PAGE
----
This was a book that I was drawn to by the cover, which I don’t usually say. The art is gorgeous, as you can see. It looked like an interesting book, right away – and it was!
Agnes is a reluctant debutante (were they all reluctant? Or just the ones worth writing about?) in 1800s England. She speaks about 14 languages (felt a LITTLE far-fetched to me, but I suppose there are people that talented. Unlike me.), she’s obsessed with Jane Austen books (before Austen had been revealed! The books were by “A Lady” then!).
Sorry, that’s a lot of parenthesis. Moving on. Agnes is awesome, and she is dragged around to dress fittings and garden parties by her lovingly enthusiastic mother. The mother actually reminds me of the mom from “She’s the Man”, which I mean as a compliment. She’s not mean, she’s not trying to force her daughter to do these things – she just sees it as a coming of age and a very exciting time, and wants desperately to be there herself again. And she loves the gowns, and the fuss. Agnes does not, nor does she like the man who half of London is expecting her to marry. Lord Showalter is a bit of a snob, though Agnes has a hard time thinking anything really mean about him. He’s just boring, and she doesn’t love him.
But, she plays nice, and lets herself be courted. It’s at one of Lord Showalter’s parties that her life changes drastically. He has hosted an “unwrapping party” – which was apparently in vogue – rich people would buy mummies for the museums, and then host these parties, where their guests got to hack the wrappings apart and keep little trinkets from the body – charms and figurines buried with the mummy. The remains of the remains went to the museums, and they were glad to have them, I guess. Makes me cringe to think of how badly those precious relics were butchered and scattered. Erg.
Anyhow – Agnes is first up at the mummy, and though she and I agree on the whole hacking apart mummies thing, she goes for it anyway so she doesn’t look like a coward. In the wrappings, she finds a small metal figurine of a dog’s head. She gets to keep it – at least until the museum realizes that the party got the wrong mummy, and they actually need this one back, and everything that was wrapped with it. Agnes keeps the figurine, for reasons she manages to justify to herself.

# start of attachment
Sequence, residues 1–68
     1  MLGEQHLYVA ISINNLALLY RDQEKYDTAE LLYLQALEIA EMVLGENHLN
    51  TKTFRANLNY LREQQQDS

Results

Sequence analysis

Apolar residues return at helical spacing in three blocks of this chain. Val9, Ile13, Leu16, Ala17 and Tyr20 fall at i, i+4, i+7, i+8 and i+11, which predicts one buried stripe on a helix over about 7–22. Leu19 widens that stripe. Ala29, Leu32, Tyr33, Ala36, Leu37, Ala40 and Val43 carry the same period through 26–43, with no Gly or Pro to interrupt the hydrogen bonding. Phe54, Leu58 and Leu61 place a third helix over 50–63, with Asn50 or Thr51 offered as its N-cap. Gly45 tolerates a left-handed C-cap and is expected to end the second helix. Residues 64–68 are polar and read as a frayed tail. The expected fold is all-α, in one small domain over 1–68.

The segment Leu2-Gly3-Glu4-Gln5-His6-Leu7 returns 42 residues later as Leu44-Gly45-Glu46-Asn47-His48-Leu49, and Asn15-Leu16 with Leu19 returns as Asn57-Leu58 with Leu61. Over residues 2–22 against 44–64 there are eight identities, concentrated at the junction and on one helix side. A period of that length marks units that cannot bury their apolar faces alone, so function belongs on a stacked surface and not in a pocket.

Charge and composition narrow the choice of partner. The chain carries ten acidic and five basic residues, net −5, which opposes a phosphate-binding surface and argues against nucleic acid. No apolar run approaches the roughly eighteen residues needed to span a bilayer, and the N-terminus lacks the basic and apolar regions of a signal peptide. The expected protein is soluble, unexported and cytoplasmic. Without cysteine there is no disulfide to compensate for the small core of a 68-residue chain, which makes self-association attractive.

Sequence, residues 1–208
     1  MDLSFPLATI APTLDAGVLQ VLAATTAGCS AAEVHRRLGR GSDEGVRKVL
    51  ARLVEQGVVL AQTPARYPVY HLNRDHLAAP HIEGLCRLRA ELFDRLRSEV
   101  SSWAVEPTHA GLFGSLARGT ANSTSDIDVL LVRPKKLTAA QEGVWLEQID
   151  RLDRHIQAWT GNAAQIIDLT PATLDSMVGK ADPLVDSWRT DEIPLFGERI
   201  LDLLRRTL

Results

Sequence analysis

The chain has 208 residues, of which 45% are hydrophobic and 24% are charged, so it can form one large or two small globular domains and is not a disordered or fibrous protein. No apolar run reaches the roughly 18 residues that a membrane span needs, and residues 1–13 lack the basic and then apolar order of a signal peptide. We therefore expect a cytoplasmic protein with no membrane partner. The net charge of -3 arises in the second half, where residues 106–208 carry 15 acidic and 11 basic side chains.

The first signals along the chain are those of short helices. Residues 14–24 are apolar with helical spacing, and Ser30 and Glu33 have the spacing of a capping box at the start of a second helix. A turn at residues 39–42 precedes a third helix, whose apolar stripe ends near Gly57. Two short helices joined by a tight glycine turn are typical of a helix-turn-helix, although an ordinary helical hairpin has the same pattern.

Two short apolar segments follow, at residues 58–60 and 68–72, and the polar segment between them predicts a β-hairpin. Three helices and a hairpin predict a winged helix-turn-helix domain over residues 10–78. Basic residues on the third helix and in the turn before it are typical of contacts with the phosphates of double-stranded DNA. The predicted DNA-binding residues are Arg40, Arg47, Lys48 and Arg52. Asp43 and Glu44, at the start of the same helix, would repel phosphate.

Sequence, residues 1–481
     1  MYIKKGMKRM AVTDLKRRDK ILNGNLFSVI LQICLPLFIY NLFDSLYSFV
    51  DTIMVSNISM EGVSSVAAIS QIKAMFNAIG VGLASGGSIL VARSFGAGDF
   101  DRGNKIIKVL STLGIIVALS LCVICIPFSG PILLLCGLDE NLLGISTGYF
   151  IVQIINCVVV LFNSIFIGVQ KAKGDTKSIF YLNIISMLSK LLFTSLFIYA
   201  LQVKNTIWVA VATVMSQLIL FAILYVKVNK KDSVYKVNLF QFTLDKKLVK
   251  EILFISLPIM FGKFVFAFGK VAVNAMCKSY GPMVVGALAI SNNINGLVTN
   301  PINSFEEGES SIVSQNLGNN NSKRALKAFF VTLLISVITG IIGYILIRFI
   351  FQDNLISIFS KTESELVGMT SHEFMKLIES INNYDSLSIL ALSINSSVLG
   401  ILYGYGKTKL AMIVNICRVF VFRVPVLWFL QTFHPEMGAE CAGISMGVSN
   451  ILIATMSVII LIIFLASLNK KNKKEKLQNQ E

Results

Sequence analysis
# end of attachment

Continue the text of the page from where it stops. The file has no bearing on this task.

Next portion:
Then someone is killed, houses are ransacked, and everyone is convinced there is a curse of the mummy – and he’s after the figurine Agnes kept! Agnes is mortified that she kept the figurine, but doesn’t want to raise a fuss or admit to anyone that she had it. So, she sneaks to the British Museum and enlists the help of a young – and very gorgeous – museum worker. Agnes and Caedmon (excellent name!) become friends and partners in solving the mystery of the figurine – which turns out to be the key in an international conspiracy plot by Napoleon himself!
The stakes get quite a bit higher now that Agnes realizes crown and country are in danger. She and Caedmon must outwit some very clever bad guys to save their country and their own lives.
In general, I liked this book. Agnes is a great heroine, very down to earth and I loved her inner monologue. I was a little skeptical of the ending, it felt very convenient, and not terribly realistic. But it made you cheer for the characters nonetheless. I really enjoyed the historical fiction aspect, I really had no idea Londoners unwrapped mummies like this! The author does note at the end that she messed with the timeline a little to fit her plot, but I’m fine with that. It certainly made for a fun story.
The little romance was very cute as well. Again, little too happy of an ending, but hey – isn’t that what novels are for sometimes?